- Change the way you think about meat. If you eat meat, have smaller amounts – small strips of sirloin in a vegetable sauté, or a dish of pasta garnished with diced prosciutto.
- Enjoy some dairy products. Eat Greek or plain yogurt, and try smaller amounts of a variety of cheeses.
- Eat seafood twice a week. Fish such as tuna, herring, salmon, and sardines are rich in omega-3 fatty acids, and shellﬁsh including mussels, oysters, and clams have similar beneﬁts for brain and heart health.
- Cook a vegetarian meal one night a week. Build meals around beans, whole grains, and vegetables, and heighten the ﬂavor with fragrant herbs and spices. Down the road, try two nights per week.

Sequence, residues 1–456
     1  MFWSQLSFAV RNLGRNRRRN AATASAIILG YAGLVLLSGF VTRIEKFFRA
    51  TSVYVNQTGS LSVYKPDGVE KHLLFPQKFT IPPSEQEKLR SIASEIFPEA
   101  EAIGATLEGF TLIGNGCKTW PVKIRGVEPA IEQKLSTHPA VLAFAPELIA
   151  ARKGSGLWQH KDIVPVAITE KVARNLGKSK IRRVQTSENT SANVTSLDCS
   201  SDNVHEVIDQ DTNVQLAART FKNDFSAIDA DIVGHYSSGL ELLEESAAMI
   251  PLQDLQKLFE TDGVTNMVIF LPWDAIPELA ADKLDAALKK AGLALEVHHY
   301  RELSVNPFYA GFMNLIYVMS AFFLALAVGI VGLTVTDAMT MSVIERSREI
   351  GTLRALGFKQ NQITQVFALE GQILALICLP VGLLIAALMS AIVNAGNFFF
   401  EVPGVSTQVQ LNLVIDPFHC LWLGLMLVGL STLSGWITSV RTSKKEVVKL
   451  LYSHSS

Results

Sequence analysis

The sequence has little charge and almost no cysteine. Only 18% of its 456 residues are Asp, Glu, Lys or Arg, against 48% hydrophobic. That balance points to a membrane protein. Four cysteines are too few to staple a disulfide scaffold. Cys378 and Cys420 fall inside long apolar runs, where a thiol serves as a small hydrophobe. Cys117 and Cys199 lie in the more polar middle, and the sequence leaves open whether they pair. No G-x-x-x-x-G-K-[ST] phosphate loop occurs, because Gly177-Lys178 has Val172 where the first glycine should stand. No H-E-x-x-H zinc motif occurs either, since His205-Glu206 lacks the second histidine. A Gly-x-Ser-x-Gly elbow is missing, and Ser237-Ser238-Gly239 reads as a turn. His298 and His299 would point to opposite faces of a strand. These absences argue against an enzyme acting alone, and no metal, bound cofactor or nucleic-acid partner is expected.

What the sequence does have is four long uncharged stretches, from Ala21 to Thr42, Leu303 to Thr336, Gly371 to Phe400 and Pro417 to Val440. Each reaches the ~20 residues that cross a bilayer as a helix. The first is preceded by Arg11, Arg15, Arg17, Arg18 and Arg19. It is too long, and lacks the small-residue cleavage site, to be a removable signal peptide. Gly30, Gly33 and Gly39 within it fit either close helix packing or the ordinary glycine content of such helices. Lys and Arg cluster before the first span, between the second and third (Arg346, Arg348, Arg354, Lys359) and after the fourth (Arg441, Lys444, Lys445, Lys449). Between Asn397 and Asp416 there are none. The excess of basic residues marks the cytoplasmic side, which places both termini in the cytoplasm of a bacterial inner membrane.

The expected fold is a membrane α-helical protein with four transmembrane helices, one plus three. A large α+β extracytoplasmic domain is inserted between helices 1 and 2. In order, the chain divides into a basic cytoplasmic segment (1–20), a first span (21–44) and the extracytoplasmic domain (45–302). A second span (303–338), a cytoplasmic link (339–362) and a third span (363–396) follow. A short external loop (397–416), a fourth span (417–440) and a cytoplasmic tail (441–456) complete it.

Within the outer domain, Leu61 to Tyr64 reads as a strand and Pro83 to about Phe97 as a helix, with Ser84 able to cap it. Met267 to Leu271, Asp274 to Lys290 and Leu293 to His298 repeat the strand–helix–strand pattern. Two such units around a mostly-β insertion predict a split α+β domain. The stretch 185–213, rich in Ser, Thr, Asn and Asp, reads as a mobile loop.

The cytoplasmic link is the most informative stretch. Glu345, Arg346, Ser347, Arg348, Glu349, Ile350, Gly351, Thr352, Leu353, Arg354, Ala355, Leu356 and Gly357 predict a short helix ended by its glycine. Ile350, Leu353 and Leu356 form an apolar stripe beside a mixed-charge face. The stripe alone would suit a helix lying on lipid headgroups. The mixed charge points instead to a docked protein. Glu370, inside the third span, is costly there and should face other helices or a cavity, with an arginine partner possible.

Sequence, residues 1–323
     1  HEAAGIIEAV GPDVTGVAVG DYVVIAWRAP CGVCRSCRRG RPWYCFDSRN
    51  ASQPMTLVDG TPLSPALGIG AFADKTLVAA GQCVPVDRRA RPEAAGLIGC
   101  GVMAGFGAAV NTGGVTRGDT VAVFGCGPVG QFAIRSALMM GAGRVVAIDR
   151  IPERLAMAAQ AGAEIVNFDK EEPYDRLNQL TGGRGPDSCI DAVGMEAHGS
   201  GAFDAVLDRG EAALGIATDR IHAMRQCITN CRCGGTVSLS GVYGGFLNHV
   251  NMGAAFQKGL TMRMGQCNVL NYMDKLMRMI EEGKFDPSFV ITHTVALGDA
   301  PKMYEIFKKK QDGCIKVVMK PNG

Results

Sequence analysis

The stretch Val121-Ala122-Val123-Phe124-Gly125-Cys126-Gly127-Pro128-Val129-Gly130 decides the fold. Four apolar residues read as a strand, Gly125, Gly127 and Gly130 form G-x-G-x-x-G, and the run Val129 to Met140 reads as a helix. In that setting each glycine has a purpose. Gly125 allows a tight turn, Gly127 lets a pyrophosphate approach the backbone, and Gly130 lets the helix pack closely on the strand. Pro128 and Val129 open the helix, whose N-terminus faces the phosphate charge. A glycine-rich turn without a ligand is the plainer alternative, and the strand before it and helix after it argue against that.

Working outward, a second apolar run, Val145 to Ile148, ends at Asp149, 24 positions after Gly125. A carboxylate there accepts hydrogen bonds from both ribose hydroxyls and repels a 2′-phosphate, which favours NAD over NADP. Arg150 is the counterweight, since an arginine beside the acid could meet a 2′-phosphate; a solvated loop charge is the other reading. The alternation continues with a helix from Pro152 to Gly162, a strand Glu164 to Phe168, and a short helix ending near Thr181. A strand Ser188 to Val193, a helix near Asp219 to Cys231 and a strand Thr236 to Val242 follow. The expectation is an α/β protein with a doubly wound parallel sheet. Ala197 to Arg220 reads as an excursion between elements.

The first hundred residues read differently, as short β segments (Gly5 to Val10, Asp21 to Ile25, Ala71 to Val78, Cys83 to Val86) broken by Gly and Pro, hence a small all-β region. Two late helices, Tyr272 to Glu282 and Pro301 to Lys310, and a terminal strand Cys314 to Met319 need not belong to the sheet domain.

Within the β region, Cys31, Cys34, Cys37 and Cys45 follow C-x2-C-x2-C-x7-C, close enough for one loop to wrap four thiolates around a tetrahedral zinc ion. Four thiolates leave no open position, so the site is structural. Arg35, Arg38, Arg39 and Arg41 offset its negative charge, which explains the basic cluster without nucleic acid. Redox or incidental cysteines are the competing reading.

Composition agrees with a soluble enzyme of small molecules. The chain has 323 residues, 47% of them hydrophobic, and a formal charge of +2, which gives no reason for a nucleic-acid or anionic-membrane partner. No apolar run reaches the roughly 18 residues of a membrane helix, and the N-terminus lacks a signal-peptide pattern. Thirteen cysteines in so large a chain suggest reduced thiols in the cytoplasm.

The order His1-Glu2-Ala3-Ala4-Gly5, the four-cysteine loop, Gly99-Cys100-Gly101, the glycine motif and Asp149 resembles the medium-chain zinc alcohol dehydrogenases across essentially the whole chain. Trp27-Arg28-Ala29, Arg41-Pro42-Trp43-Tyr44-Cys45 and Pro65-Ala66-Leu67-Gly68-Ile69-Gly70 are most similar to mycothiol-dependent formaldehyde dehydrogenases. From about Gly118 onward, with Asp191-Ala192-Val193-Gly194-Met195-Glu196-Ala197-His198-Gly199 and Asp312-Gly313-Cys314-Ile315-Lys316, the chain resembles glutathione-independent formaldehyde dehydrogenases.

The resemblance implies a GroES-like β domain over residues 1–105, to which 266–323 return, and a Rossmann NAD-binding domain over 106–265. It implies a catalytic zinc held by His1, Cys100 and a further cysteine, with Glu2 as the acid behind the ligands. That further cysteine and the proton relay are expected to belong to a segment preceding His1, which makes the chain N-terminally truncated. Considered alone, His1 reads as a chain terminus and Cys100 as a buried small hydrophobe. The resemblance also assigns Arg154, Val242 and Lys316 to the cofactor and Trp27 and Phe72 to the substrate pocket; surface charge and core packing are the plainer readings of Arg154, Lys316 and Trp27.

- Use good fats. Include sources of healthy fats in daily meals, especially extra-virgin olive oil, nuts, peanuts, sunﬂower seeds, olives, and avocados.
- Switch to whole grains. Whole grains are naturally rich in many important nutrients; their fuller, nuttier taste and extra ﬁber keep you satisﬁed for hours. Cook traditional Mediterranean grains like bulgur, barley, farro and brown, black or red rice, and favor products made with whole grain ﬂour.
- For dessert, eat fresh fruit. Choose from a wide range of delicious fresh fruits — from fresh ﬁgs and oranges to pomegranates, grapes and apples. Instead of daily ice cream or cookies, save sweets for a special treat or celebration.
Our “Mediterranean Diet 101” brochure: Welcome to the Mediterranean Diet